“I don’t want to feel like I am part of a science experiment,” she said. “It’s like, let’s eat and see what happens 10 years from now.”

Taxing Tobacco Now a National Addiction

Monday, August 26th, 2013

By Emily O’Donnell and Allison Thomasseau

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It seems one of the few things the Legislature and Gov. Deval Patrick could agree on in the debate over the state’s 2014 fiscal year budget was the dollar-a-pack increase in the tobacco tax – the fifth time the tax has been increased since 1992.

Beacon Hill isn’t the only place where politicians agree on tobacco levies. Forty-seven states have raised cigarette taxes a combined 105 times since 2002. Only California, Missouri and North Dakota have avoided the temptation, according to the Campaign for Tobacco Free Kids.

Raising tobacco taxes is an easy political choice: there is little opposition and plenty of support. But as Massachusetts grows more dependent on tobacco revenues now approaching $1 billion a year, the use of a sin tax to balance the books raises questions about who pays, where the money goes and how long it will last.
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Tax Addiction-States Becoming More Dependent on Tobacco Levies

Monday, August 26th, 2013

By Cole Chapman and Brooke Singman

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Massachusetts lawmakers’ growing reliance on tobacco taxes to help balance the state budget is part of a national trend that has grown with each flutter of the country’s economy.

“To some extent you could say states became addicted to tobacco revenue,” said Scott Harshbarger, the former Massachusetts attorney general who helped negotiate the 1998 Tobacco Master Settlement Agreement that brings Massachusetts an average $250 million until 2025.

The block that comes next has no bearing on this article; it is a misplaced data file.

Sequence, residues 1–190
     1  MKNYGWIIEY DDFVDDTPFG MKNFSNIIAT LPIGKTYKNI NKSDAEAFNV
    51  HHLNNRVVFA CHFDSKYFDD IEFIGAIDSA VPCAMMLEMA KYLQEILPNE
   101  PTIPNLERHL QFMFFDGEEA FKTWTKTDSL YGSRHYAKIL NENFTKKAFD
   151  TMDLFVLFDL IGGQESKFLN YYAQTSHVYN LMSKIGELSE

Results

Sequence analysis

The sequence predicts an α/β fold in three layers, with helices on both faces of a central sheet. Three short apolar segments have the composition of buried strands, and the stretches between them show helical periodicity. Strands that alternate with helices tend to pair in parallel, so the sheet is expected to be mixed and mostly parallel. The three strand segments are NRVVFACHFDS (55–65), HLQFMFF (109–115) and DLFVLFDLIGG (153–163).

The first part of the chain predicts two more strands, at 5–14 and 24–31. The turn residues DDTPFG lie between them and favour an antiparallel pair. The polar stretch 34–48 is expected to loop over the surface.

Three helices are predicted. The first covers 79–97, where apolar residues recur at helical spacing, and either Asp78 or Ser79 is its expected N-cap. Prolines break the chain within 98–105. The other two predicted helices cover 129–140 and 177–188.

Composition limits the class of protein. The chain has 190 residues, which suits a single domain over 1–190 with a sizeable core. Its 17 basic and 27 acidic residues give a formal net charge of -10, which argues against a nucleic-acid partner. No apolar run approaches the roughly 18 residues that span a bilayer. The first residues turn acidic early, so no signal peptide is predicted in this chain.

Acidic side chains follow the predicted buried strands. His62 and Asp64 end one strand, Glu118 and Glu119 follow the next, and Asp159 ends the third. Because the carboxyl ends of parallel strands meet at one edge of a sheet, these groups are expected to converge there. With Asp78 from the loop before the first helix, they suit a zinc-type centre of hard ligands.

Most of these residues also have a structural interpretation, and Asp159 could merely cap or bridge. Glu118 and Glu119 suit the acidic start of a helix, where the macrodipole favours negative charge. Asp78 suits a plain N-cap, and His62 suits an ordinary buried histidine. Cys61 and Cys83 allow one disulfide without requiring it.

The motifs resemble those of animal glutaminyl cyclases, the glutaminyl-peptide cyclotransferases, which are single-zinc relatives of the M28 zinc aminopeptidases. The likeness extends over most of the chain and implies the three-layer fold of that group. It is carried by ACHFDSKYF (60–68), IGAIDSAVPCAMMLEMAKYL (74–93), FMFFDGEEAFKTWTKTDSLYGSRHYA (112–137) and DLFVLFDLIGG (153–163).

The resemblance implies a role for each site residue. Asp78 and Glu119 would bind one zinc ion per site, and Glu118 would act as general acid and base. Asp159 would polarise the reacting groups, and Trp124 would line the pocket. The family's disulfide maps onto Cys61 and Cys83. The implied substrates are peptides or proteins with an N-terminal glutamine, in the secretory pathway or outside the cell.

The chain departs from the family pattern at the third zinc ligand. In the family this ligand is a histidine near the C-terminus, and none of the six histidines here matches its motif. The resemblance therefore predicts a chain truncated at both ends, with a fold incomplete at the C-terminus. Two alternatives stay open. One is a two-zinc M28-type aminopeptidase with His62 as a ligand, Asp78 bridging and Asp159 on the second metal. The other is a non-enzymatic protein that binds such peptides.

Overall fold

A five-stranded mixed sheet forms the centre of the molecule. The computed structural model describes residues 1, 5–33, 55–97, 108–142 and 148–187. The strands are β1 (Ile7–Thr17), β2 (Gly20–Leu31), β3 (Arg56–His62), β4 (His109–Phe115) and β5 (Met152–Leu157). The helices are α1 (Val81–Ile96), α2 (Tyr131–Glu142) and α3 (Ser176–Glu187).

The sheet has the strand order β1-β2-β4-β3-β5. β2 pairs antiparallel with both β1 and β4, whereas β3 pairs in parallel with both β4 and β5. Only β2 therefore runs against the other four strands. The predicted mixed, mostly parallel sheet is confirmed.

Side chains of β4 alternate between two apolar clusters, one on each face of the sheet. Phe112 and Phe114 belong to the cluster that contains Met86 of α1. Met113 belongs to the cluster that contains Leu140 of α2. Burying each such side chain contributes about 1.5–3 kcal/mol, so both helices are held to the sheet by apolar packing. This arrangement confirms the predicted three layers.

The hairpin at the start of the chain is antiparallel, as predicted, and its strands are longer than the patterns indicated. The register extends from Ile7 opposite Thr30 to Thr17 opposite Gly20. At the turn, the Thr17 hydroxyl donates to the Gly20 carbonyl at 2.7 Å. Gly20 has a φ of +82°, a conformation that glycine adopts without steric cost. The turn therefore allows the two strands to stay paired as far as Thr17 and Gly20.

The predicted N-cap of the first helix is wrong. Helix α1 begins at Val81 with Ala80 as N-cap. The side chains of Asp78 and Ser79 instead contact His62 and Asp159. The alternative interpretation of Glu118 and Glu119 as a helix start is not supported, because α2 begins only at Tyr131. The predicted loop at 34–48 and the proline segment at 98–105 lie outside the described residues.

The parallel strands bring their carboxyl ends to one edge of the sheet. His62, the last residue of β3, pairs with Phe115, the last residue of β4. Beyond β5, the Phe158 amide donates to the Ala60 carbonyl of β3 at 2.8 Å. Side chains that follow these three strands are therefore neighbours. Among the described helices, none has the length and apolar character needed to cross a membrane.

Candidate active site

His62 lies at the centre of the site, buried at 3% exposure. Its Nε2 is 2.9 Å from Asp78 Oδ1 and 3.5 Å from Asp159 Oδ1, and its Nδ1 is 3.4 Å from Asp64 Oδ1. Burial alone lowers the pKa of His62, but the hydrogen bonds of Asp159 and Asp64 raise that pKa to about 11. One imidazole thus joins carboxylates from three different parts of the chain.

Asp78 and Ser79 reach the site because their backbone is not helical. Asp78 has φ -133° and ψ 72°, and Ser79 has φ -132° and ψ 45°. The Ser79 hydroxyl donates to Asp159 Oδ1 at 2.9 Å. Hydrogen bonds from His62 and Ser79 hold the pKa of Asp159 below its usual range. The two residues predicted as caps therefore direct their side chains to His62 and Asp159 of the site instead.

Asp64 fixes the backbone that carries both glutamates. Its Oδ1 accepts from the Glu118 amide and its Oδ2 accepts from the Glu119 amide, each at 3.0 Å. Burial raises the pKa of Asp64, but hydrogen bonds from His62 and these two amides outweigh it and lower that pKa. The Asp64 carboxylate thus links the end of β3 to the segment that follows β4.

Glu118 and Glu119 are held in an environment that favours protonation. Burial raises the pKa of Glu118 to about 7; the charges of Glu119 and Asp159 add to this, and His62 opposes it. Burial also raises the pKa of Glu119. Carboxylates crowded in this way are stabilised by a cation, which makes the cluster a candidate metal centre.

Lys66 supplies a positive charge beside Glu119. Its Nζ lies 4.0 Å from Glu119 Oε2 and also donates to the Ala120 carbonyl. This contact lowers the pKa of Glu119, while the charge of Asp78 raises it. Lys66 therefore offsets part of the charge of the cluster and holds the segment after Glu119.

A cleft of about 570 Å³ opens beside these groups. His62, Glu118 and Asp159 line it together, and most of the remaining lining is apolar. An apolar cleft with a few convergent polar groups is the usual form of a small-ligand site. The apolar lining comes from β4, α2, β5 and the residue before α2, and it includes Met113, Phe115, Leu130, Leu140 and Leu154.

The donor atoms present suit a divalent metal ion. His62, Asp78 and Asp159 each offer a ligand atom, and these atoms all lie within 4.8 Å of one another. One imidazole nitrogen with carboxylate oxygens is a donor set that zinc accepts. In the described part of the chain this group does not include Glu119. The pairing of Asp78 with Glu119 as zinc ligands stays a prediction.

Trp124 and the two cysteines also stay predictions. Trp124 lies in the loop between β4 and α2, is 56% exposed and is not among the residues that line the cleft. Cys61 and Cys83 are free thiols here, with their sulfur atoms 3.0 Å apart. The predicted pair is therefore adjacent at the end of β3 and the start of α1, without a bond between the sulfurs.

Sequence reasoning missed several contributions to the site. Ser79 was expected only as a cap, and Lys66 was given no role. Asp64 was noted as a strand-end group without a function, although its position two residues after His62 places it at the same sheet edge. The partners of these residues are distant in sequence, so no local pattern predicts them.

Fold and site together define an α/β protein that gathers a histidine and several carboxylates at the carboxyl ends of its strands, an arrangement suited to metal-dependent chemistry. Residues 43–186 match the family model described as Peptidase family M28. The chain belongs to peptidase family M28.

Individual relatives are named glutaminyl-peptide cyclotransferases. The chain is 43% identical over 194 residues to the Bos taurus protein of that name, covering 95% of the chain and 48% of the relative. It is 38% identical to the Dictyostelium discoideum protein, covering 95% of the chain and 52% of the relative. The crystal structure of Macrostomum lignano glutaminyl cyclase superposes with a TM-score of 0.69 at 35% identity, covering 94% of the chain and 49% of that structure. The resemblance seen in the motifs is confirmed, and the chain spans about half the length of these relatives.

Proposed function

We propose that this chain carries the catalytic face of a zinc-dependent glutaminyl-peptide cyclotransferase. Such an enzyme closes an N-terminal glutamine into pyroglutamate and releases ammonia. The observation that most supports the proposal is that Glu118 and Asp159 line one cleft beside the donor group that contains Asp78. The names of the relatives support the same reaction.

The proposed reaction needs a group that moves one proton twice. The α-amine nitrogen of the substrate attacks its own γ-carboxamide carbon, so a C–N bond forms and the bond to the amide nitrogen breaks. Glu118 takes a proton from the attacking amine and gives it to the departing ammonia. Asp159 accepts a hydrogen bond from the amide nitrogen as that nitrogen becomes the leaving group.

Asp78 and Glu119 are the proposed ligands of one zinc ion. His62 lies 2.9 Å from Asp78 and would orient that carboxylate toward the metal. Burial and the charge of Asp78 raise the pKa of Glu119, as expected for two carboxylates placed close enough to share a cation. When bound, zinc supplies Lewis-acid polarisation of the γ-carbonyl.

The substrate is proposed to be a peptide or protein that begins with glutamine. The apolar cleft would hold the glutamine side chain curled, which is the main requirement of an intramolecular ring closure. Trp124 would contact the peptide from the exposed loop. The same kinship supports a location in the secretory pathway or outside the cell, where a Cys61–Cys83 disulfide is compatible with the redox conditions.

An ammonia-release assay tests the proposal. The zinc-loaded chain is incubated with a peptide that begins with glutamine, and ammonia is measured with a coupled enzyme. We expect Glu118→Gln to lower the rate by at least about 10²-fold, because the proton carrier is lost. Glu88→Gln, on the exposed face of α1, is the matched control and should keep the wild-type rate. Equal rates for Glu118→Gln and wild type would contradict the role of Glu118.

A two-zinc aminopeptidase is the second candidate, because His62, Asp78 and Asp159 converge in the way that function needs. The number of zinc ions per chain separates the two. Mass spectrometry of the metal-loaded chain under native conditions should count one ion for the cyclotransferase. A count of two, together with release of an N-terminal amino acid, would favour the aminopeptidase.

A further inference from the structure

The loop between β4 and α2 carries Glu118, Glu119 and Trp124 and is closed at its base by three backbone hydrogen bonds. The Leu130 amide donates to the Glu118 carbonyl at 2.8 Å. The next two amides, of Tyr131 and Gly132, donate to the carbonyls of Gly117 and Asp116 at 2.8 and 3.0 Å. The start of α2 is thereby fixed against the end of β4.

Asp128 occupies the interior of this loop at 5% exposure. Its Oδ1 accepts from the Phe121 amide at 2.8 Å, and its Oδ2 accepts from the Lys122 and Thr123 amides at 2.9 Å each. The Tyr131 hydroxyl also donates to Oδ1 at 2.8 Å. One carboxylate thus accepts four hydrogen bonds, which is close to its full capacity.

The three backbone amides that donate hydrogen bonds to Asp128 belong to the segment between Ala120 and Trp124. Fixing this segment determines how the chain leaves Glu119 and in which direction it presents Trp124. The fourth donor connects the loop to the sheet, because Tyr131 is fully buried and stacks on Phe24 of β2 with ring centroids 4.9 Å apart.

Cigarette tax revenues, along with the settlement money, brought in about $815 million last year, according to the Department of Revenue. That figure is expected to rise another estimated $165 million – for a total of $980 million – under the dollar-per-pack increase passed in this year’s legislative session.
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Who Smokes and Who Pays?

Monday, August 26th, 2013

By Deedee Sun and Lindsey Reese

chart 1 recent trend

As smoking rates among Massachusetts citizens fell from 28 percent to 14 percent between 1986 to 2010, the cost of tobacco taxes has been borne more by a group least able to afford it.

According to research and polls, the poor and the less educated smoke at a higher rate than those with higher incomes and more schooling. As a result Massachusetts’ ever increasing tobacco tax has become increasingly regressive.

“You’re really asking people who are already at the lower end in terms of wealth to be shouldering an additional burden of taxes to fund projects that really should be funded by the government,” said Dr. Michael Siegel of Boston University’s School of Public Health.

A 2008 Gallup poll of more than 75,000 individuals across the nation found that smoking rates rise as income drops. Those at the bottom fifth of the income bracket are more than twice more likely to smoke than those in the top fifth.
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State issues marijuana guidelines

Sunday, March 31st, 2013

March 31, 2013 By Emily O’Donnell, The Sun Chronicle

BOSTON – The state Department of Public Health issued 45 pages of draft regulations on Friday establishing rules for the sale and use of medical marijuana, including a proposed list of maladies and a 10-ounce limit on legal possession of the drug.

The regulations would allow patients with a “debilitating medical condition” to receive a 60-day supply of marijuana, and encouraged patients to send a caregiver to pick up the supply if necessary in lieu of growing pot at home.

The list of conditions include HIV/AIDS, hepatitis C, ALS, Crohn’s disease, cancer, glaucoma, Parkinson’s disease or multiple sclerosis, but would allow for additional ailments based on input from doctors and patients. The draft regulations allow a qualified patient up to 10 ounces for personal use. In states such as California, patients are allowed up to 8 ounces; in Washington the limit is 24 ounces.